Does this make any sense? An abusive husband gets caught and says the “right” words to his friends and is quickly embraced, as the wife is disciplined by his friends for taking steps to protect her life. Too many wives within our churches are intimidated back into abusive homes by unsupportive male leaders, who exploit their authority and misuse scripture in directing them to “try harder” and “stop making him angry.” This is a form of spiritual abuse that re-victimizes the abused and grants permission to abusers to continue their violence against a child of God.
#WhyIStayed. Just don’t talk about it. In her book, This Little Light, Christa Brown recounts a time her father had violently attacked her sister and the pastor was called to the house. Instead of addressing the violent offense committed by her father, the pastor instructed the family not to talk about it, saying, “Think about others…think how they will feel if they learn that the police were called a family like yours.” Christa writes,
“A couple hours later, I left to go to the church for my piano lesson. We all acted as though nothing had happened. In my family, it just got lumped in with all the rest of the big pile stuff we never talked about.”
Appallingly, Christa’s childhood experience is not unique within many churches. Too many of us know abuse victims who have been instructed by a pastor or someone in their church to keep quiet about the abuse, and to stay with their abusive spouse in order to “work things out”. They convince these abused that doing anything otherwise is considered to be a “bad Christian witness”. The disgusting reality is that this has nothing to do with being a “bad Christian witness”, and everything to do with a church that worships itself as it sacrifices its vulnerable. The “bad Christian witness” is proclaiming to love Jesus as you silence victims and push them back into the fists of their abuser. This is an abomination to the very Gospel proclaimed by so many of these churches. Don’t they understand that Jesus gave his very life for the vulnerable and the abused? A church that silences abuse hasn’t encountered Jesus.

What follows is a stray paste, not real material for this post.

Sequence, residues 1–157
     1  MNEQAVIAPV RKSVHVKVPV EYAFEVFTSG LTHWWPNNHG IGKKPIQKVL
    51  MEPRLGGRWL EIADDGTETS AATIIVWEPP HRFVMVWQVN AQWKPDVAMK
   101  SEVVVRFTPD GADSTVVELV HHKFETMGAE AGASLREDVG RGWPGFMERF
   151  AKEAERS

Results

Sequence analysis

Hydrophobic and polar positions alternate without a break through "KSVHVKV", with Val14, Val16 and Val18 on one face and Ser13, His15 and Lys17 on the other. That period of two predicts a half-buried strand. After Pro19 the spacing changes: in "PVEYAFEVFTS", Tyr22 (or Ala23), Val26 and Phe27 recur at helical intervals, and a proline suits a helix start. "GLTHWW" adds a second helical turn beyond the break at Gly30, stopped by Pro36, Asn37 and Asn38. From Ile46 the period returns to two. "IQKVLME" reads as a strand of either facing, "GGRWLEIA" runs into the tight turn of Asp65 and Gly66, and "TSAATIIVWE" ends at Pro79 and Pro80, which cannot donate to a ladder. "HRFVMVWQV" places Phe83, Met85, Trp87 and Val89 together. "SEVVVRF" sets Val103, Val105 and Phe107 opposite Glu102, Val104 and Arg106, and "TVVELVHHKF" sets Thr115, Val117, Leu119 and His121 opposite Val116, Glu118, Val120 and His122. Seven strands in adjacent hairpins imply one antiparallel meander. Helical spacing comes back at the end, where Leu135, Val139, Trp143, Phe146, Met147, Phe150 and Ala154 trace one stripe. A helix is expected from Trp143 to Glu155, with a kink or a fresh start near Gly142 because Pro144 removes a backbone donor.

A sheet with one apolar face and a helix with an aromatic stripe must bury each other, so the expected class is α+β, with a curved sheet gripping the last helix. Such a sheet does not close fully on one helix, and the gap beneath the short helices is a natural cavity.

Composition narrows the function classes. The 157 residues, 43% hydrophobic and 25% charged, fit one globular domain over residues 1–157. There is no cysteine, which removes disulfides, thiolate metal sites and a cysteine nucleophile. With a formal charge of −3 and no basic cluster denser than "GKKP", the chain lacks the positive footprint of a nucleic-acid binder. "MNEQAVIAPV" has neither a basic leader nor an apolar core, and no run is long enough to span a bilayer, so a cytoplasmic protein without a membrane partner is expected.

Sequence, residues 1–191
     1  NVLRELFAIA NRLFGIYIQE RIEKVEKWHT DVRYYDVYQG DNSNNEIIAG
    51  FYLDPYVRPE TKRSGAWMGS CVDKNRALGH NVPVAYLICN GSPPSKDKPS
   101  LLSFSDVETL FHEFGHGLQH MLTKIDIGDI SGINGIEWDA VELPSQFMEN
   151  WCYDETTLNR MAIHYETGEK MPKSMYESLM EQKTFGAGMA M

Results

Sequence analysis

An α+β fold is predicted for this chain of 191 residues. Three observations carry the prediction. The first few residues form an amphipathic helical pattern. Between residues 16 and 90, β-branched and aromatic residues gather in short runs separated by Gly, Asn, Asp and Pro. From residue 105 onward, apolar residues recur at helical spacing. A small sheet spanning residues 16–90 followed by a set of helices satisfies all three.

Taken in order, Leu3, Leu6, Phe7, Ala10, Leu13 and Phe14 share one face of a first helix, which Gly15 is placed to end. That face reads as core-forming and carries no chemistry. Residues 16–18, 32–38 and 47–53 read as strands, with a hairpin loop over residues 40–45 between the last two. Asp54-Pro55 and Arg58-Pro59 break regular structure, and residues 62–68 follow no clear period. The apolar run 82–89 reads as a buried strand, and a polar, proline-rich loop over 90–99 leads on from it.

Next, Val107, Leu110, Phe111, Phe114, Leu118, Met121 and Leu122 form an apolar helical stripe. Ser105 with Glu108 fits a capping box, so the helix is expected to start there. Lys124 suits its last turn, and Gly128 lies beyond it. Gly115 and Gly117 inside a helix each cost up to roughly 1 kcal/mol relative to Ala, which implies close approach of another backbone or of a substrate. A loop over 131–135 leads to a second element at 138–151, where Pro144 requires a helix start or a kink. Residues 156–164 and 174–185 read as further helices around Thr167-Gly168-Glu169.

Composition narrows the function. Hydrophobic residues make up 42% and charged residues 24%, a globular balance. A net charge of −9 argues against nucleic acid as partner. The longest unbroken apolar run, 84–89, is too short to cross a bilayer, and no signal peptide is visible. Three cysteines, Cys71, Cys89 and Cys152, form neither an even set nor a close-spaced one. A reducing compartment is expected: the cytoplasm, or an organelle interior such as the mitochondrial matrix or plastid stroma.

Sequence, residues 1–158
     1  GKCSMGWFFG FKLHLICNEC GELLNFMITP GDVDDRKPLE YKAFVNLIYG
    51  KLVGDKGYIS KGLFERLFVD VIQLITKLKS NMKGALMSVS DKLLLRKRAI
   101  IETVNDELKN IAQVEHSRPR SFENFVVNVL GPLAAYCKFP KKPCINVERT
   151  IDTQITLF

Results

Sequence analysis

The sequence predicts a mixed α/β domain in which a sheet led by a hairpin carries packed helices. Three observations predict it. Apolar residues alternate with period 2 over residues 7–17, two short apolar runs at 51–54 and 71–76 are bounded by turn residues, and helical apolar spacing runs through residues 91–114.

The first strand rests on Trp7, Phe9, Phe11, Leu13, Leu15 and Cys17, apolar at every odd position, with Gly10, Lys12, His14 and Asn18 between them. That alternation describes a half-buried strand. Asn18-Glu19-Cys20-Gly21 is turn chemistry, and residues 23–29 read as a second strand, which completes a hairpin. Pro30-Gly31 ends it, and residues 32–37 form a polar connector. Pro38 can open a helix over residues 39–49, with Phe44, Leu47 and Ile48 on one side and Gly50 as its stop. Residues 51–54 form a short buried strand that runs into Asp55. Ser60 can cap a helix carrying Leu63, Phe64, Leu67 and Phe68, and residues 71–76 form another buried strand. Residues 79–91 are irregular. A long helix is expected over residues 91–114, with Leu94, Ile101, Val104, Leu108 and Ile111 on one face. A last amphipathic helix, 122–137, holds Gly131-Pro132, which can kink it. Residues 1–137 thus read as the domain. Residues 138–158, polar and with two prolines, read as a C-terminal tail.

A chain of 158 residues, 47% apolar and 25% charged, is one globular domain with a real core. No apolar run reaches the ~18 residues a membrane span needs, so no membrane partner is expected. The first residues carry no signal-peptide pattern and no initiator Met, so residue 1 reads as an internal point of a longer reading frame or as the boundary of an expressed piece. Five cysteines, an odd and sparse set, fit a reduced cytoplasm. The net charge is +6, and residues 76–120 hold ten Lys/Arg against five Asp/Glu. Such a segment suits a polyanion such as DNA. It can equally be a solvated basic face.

Any church that redefines abuse instead of stopping it, is not a safe place. Any church that devalues women instead of respecting them as equals to men, is not a safe place. Any church that silences the oppressed instead of protecting them, is not a safe place.
A safe church does not tolerate the abuse of women or anyone else for that matter. A safe church empowers and equips all victims to walk away from those who hurt them. A safe church is where the abused can leave the abuser being assured that is what God wants them to do.
It is time for those of us in the Church to turn our attention away from watching the Ray Rice video and to start focusing on how we may be contributing to #WhyIStayed?
We have much to confess and much to change.
Boz Tchividjian is the founder and executive director of GRACE.
This article was originally published on September 12, 2014 for the Religion News Service (RNS). Used with permission.